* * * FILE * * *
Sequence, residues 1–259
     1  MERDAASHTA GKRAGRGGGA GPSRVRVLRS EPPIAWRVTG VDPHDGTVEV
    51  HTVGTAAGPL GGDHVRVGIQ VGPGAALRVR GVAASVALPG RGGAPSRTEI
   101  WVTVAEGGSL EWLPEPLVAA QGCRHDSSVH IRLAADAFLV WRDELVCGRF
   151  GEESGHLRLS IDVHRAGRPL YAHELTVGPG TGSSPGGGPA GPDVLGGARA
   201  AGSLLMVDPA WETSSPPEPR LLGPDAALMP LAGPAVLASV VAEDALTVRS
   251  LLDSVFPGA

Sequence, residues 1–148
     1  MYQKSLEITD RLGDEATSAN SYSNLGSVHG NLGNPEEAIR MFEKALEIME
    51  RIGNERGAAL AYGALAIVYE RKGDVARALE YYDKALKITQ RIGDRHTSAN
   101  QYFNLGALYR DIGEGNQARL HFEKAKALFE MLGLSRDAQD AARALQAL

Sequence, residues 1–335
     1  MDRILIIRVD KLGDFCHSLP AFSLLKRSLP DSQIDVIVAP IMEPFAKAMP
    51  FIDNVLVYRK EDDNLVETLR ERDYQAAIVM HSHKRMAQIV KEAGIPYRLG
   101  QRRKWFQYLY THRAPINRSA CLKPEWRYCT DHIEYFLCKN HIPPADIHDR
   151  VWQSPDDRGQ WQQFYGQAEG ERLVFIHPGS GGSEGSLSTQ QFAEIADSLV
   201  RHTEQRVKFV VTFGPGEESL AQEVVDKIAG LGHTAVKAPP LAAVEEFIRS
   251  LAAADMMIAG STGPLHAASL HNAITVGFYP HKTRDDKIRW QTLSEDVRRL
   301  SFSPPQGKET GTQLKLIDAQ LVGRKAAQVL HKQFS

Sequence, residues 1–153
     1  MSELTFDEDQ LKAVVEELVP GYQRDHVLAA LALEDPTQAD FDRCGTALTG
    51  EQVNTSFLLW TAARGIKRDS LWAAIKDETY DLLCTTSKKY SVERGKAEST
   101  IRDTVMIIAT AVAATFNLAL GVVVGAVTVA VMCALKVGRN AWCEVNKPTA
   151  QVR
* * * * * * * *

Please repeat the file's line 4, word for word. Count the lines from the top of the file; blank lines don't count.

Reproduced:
   101  WVTVAEGGSL EWLPEPLVAA QGCRHDSSVH IRLAADAFLV WRDELVCGRF